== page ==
On a total basis, sales were up 1%, against a 1.8% rise in December 2013 – the slowest December growth since December 2008.
However, Furniture closed 2014 with success as it held its top rank for growth on a 12-month rolling basis, despite the GfK’s Climate for Major Purchase Index edging down a point to -1 in December. Meanwhile, the Home Accessories category was in the top five performers in December. Christmas assortments did better than Cooking & Dining, but both segments performed well. House Textiles was the fastest growing of the home categories in December, driven by bedding.
Adjusted for the BRC-Nielsen Shop Price Index, total growth was 2.6% (rounded), matching the December 2013 level, which was the highest since December 2009.
The performance of non-food categories was helped by the cyber-week and the end-of-season sales. Online sales of non-food products in the UK grew 7% in December versus a year earlier, when it had grown 19.2%. The non-food online penetration rate was 17.0%, up from 16% in December 2013.
Helen Dickinson, director general, British Retail Consortium (BRC), says: “The figures for December show that the British public were in a shopping mood with total sales up 1% on the same period last year. The Black Friday feeling continued into early December as customers bagged great deals on their Christmas gifts. The Boxing Day and end of season sales also contributed to December’s positive performance.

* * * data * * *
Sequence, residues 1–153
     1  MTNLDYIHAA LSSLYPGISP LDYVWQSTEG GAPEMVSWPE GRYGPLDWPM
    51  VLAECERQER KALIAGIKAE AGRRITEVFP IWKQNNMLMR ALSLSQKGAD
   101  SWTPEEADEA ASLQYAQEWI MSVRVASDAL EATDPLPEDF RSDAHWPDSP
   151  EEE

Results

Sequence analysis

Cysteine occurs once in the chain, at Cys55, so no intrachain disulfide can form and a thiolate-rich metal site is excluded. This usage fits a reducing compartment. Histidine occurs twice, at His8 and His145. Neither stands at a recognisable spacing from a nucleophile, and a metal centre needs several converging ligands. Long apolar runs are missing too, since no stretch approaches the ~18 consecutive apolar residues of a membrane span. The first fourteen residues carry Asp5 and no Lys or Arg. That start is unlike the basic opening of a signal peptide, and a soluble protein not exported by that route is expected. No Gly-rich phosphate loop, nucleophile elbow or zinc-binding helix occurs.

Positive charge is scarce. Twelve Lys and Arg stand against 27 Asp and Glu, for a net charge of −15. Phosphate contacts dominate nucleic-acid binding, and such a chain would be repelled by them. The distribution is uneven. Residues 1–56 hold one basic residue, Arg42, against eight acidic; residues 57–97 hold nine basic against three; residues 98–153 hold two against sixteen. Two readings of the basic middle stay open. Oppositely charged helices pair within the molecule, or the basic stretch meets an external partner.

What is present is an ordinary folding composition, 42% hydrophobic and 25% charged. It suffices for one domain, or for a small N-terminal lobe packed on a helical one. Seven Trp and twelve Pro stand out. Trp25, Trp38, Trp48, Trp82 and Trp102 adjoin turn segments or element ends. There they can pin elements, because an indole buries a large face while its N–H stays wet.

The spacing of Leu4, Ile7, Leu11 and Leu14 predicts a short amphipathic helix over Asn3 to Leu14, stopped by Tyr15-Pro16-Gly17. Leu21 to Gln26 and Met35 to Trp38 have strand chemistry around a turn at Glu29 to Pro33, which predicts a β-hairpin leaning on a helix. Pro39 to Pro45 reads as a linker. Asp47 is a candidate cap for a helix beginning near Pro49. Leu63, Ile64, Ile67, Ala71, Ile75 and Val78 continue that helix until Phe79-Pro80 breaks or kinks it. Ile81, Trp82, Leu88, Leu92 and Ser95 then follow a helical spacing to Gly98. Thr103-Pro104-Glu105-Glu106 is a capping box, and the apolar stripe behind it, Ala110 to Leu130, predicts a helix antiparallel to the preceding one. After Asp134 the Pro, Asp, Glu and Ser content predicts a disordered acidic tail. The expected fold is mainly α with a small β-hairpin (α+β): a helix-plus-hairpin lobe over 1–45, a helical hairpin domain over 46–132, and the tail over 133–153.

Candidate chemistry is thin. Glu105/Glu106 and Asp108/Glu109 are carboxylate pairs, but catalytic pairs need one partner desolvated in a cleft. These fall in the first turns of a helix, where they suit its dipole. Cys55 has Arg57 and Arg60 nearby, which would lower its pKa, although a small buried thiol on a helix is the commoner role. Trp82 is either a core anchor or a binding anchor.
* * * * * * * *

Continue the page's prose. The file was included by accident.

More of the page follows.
“It’s also worth noting that this has been the best month for food sales since Easter, with many of us opting increasingly for premium ranges for our festive fare.
“It’s clear that targeted discounting has worked for the UK’s retailers – prices have been cut just enough to encourage customers through the doors but not so much that sales growth has been completely choked off. In one of the most fiercely competitive retail environments in recent years, retailers will be encouraged by the fact their strategy for December appears to have paid off.”
David McCorquodale, head of retail, KPMG, comments: “Extensive discounting disrupted the timing and rhythm of Christmas spending. Between Black Friday and Boxing Day retailers and consumers engaged in a three-week dance, each waiting for the other to take the lead, and as a result sales suffered.
“It’s now clear that Black Friday did pull festive sales forward into November, and this created a challenging lull in spending with consumers waiting for future bargains. This situation did not reverse until the week of Christmas. The launch of Boxing Day sales, mixed with new season full price stock, saw some phenomenal spending, with fashion retailers achieving double-digit growth.
“This difficult stop/start sales environment has been undoubtedly challenging, but most retailers have managed to achieve a flat, but respectable, sales performance this Christmas – time will tell on margins.
“2015 is likely to bring more of the same, and the big four grocers have already signalled they will cut prices to secure sales. Non-food retailers will fare better, but whilst consumer confidence remains fragile, these too are vulnerable to shocks, be they political or economic.”